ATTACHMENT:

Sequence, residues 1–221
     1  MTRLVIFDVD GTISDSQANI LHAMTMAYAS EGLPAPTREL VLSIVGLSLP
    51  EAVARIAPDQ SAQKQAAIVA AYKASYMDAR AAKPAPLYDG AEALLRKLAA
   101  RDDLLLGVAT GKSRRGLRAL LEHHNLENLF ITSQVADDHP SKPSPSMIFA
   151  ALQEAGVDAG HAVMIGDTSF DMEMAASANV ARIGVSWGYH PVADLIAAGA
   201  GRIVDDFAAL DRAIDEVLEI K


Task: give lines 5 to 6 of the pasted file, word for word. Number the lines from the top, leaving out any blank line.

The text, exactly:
   151  ALQEAGVDAG HAVMIGDTSF DMEMAASANV ARIGVSWGYH PVADLIAAGA
   201  GRIVDDFAAL DRAIDEVLEI K